Indeed, Intrade, the world’s largest prediction market, has seen the odds of an overt air strike by the US and/or Israel against Iran before the end of the year, rise to more than one-in-four in recent weeks.  The probability of a strike can hardly be viewed as trivial at this juncture and, and the potential for a ‘black swan’ event originating in the Persian Gulf is a very real possibility.

The bulls dismiss the worst outcomes in all of the above as hyperbole and, believe that disaster will be averted in each case simply because policymakers cannot – and therefore, will not – allow the worst to happen given the economic carnage that would result.  Recent history however, suggests that confidence in officialdom’s ability to deliver favourable outcomes is misplaced.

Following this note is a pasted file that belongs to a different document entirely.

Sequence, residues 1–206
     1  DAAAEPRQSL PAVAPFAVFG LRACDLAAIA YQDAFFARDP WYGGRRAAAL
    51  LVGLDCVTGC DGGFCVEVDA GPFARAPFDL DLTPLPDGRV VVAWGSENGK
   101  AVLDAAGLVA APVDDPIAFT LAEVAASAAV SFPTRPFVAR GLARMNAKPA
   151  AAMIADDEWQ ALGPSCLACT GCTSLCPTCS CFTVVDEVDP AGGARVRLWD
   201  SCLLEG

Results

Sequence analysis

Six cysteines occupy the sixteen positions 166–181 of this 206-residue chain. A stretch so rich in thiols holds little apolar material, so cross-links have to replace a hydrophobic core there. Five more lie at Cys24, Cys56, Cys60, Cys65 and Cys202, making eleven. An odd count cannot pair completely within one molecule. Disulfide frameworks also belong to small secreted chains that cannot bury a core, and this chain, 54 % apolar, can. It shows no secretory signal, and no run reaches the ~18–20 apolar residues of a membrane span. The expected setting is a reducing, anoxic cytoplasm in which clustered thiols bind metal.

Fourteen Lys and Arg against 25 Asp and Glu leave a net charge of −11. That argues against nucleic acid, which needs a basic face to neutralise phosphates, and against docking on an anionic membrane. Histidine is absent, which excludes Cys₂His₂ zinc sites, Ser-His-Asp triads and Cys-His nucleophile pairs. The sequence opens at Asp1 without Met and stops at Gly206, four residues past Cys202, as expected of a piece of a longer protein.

One need look back no further than three to four years to observe how American policymakers failed to prevent a supposedly containable problem in an inconsequential segment of the said country’s residential mortgage market from morphing into a full-blown global financial crisis.

More recently, Europe’s leadership did not demonstrate any greater wherewithal to insulate the euro-zone’s core from the difficulties that beset the periphery.  As for the foreign policy arena, America’s historical record suggests the less said the better.

Given historical fact, it is clear that the potential worst-case scenarios cannot and should not be excluded from the decision-making process.  Unfortunately, advocates of high allocations to risk assets do not concur and, are quite obviously, gambling on the most probable rather than probability-weighted expected outcomes.